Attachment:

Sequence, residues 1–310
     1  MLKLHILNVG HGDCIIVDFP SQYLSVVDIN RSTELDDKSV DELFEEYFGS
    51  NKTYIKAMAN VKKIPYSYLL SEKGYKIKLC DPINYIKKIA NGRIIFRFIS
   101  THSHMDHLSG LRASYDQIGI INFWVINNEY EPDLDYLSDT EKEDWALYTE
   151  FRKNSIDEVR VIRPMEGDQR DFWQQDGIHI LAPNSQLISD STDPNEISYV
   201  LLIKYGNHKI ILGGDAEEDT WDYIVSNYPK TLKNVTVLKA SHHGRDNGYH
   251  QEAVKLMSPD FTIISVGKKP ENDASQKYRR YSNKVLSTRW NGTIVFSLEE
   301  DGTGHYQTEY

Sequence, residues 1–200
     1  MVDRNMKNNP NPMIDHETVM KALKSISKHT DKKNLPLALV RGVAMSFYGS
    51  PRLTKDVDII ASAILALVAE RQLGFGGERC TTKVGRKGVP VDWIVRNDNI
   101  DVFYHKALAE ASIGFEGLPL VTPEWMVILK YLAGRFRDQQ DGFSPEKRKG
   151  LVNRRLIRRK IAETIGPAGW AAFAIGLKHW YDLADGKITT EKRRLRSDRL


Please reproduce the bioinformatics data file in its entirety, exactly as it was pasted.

Sequence, residues 1–310
     1  MLKLHILNVG HGDCIIVDFP SQYLSVVDIN RSTELDDKSV DELFEEYFGS
    51  NKTYIKAMAN VKKIPYSYLL SEKGYKIKLC DPINYIKKIA NGRIIFRFIS
   101  THSHMDHLSG LRASYDQIGI INFWVINNEY EPDLDYLSDT EKEDWALYTE
   151  FRKNSIDEVR VIRPMEGDQR DFWQQDGIHI LAPNSQLISD STDPNEISYV
   201  LLIKYGNHKI ILGGDAEEDT WDYIVSNYPK TLKNVTVLKA SHHGRDNGYH
   251  QEAVKLMSPD FTIISVGKKP ENDASQKYRR YSNKVLSTRW NGTIVFSLEE
   301  DGTGHYQTEY

Sequence, residues 1–200
     1  MVDRNMKNNP NPMIDHETVM KALKSISKHT DKKNLPLALV RGVAMSFYGS
    51  PRLTKDVDII ASAILALVAE RQLGFGGERC TTKVGRKGVP VDWIVRNDNI
   101  DVFYHKALAE ASIGFEGLPL VTPEWMVILK YLAGRFRDQQ DGFSPEKRKG
   151  LVNRRLIRRK IAETIGPAGW AAFAIGLKHW YDLADGKITT EKRRLRSDRL